Chemoprevention of cancer via herbal and dietary supplements is a logical approach to combating cancer and currently it is an attractive area of research investigation. Over the years, isothiocyanates, such as sulforaphane (SFN) found in cruciferous vegetables, have been advocated as chemopreventive agents, and their efficacy has been demonstrated in cell lines and animal models. In vivo studies with SFN suggest that in addition to protecting normal healthy cells from environmental carcinogens, it also exhibits cytotoxicity and apoptotic effects against various cancer cell types. Among several mechanisms for the chemopreventive activity of SFN against chemical carcinogenesis, its effect on drug-metabolizing enzymes that cause activation/neutralization of carcinogenic metabolites is well established. Recent studies suggest that SFN exerts its selective cytotoxicity to cancer cells via reactive oxygen species-mediated generation of lipid peroxidation products, particularly 4-hydroxynonenal (HNE). Against the background of the known biochemical effects of SFN on normal and cancer cells, in this article we review the underlying molecular mechanisms responsible for the overall chemopreventive effects of SFN, focusing on the role of HNE in these mechanisms, which may also contribute to its selective cytotoxicity to cancer cells.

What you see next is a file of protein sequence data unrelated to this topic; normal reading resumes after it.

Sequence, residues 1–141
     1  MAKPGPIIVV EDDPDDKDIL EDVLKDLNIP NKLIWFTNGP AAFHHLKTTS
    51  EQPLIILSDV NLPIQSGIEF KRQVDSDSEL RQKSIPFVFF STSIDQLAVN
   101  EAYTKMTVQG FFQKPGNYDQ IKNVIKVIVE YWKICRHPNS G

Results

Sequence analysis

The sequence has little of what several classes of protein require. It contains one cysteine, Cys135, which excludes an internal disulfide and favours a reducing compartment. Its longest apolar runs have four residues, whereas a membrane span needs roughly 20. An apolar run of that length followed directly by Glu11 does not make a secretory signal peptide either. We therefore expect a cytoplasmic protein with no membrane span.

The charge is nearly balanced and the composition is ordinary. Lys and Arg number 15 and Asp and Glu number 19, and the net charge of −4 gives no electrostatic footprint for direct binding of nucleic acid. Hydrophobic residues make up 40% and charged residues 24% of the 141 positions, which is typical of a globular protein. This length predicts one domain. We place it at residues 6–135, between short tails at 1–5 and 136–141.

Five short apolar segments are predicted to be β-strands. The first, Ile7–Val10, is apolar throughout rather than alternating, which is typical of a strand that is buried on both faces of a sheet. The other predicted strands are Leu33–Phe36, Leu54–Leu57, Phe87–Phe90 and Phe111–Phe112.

|Number of pages||9|
|Journal||Free Radical Biology and Medicine|
|State||Published - 1 Jun 2012|
- Free radicals
- Glutathione S-transferases
- Lipid peroxidation